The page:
A methodological approach to design and construction ensures the safety of all those who work at our sites and helps us meet our targets for minimizing environmental impact as well.

What more can the government do in this regard?

We must give credit where credit is due – the government has done plenty to ensure structural as well as site safety; recent policy changes such as RERA as well as statutory interventions through the NBC (National Building Code of India), the ESIC (Employees’ State Insurance Corporation) and the NDMA (National Disaster Management Authority) hold project stakeholders to ever higher standards of accountability, which benefit all in the long run.

However, there is still a dearth of stringent checks for site conditions and implementation of labour laws; even ubiquitous concerns like dust on site and waterlogging can create hazardous conditions for the workers or even harbour diseases. These concerns, of course, will be addressed if we start to practice the aforementioned change in perspective – where safety moves beyond protracted calculations and ticks off a certification form, and towards a comprehensive framework that protects the interests of everyone impacted by the project.

Any other research, project, and opinion you would like to share.

Apart from the success story of Ramanujan IT City, another milestone that we have reached as a project is the completion of Pandit Madan Mohan Malviya Hospital in Varanasi with zero incidents at site. The project presently holds the distinction of being the largest hospital of its kind completed in a record time of ten months; the record of zero accidents on the project’s site bolsters our belief in our ‘people-first’ design values. The project also employs a hybrid construction methodology – using a structural steel and concrete composite – making it the first healthcare project in the country to utilize this approach. The composite structure far outperforms traditional structural frames and increases the building’s resilience as well as longevity by several years.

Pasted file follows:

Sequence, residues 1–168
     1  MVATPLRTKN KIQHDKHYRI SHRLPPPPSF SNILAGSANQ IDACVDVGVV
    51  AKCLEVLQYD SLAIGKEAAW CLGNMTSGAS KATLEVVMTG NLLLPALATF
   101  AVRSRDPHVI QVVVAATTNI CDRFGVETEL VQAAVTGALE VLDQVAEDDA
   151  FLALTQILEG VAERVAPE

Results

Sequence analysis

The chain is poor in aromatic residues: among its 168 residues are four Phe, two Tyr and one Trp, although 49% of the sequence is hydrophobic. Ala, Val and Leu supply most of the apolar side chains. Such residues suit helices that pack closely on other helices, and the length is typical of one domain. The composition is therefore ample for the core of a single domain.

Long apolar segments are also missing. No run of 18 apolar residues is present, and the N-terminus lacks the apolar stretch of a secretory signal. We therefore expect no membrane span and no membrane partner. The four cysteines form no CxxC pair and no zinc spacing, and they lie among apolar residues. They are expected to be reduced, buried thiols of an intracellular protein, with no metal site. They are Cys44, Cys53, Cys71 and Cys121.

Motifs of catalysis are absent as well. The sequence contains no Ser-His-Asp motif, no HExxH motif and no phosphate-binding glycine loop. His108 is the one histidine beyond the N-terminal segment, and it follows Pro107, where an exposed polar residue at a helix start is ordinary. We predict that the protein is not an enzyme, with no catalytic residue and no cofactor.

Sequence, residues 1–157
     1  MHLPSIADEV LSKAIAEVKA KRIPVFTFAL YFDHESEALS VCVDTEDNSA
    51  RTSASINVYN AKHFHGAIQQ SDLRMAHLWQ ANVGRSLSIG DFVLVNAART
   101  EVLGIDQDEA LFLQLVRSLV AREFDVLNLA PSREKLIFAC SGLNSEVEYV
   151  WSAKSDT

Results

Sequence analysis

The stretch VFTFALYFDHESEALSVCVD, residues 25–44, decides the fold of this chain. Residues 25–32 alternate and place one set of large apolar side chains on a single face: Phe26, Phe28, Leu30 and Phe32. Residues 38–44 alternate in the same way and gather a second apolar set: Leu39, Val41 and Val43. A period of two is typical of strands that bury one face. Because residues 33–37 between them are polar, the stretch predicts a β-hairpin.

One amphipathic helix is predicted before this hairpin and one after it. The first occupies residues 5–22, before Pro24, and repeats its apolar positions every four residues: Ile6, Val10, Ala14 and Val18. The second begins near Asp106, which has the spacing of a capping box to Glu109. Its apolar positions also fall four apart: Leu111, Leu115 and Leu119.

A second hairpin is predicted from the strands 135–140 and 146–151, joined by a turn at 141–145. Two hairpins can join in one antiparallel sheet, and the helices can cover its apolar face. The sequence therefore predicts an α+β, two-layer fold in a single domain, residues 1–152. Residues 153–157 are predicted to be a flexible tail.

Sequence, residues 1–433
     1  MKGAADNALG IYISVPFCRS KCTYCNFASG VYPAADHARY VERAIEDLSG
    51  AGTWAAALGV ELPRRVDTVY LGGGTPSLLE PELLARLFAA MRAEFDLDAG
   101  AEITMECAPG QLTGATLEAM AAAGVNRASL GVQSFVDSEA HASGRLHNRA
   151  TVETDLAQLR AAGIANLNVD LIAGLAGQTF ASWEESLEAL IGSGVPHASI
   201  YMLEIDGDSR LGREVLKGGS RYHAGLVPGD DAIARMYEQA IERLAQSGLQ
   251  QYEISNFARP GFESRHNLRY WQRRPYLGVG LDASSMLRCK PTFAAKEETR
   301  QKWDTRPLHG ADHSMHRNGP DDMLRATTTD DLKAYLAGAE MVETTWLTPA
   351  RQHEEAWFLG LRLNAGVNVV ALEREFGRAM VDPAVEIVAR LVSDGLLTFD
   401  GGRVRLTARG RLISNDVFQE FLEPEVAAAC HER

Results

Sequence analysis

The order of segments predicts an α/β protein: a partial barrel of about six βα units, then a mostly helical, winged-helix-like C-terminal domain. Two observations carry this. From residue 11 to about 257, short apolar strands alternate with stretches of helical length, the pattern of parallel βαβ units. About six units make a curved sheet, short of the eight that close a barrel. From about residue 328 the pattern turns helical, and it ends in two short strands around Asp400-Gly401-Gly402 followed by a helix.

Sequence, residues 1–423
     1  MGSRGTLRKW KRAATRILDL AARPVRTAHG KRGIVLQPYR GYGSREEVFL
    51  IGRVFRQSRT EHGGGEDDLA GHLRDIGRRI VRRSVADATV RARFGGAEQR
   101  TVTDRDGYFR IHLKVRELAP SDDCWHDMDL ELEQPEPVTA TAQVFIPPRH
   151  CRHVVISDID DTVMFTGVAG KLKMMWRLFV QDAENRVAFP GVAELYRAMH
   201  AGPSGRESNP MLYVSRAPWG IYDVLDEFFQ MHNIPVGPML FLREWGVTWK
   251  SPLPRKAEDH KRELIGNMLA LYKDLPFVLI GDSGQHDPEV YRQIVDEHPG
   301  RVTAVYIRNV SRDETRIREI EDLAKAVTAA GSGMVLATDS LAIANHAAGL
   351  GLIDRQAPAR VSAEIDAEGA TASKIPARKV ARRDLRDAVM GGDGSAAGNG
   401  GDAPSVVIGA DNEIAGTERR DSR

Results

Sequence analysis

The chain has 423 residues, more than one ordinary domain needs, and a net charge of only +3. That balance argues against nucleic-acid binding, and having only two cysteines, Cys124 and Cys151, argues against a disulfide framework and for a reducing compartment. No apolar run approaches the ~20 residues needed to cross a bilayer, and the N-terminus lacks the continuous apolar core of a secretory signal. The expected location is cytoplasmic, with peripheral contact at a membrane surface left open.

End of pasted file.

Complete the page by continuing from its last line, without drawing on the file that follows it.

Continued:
It has also reinforced our experience that safety cannot be rushed –despite the tight project timeline, we could achieve safety both during as well as after the project’s execution only by following carefully calibrated timelines for each stage of the project. While it can be tempting to speed up projects to cash in on the bottom line a few months early, we must keep in mind that a safe, sound structure is an investment that will continue giving returns perennially – and not just monetarily!

About Edifice Consultants

Edifice Consultants Pvt. Ltd., began 28 years ago as a departure from the then prevalent traditional firms. Over 1200 projects later, and despite being one of India’s largest practices, it ensures that its idealism remains untarnished. The firm is a collective with as many philosophies as designers. It makes a concerted effort to improve every project's immediate surroundings and contribute to the well being of its occupants and environs. It strives to build genuinely sustainable solutions that transcend certifications. It believes in trying to exceed expectations. It aims to delight its clients by ideating, collaborating, engineering and constructing. Today, Edifice has over 160 professionals based out of 8 regional branches around India and over 120 million Sq.Ft. of built-up and ongoing projects to its credit.

http://www.edifice.co.in